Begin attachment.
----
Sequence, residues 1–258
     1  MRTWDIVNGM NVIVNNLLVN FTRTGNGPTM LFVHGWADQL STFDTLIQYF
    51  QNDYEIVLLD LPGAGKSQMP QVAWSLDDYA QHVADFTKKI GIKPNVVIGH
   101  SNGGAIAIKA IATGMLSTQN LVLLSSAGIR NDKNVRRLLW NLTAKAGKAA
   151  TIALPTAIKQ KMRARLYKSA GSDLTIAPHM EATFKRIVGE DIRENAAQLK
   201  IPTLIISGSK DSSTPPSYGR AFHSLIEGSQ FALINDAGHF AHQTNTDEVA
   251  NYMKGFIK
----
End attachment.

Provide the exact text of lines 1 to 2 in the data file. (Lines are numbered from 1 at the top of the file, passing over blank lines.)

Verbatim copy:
Sequence, residues 1–258
     1  MRTWDIVNGM NVIVNNLLVN FTRTGNGPTM LFVHGWADQL STFDTLIQYF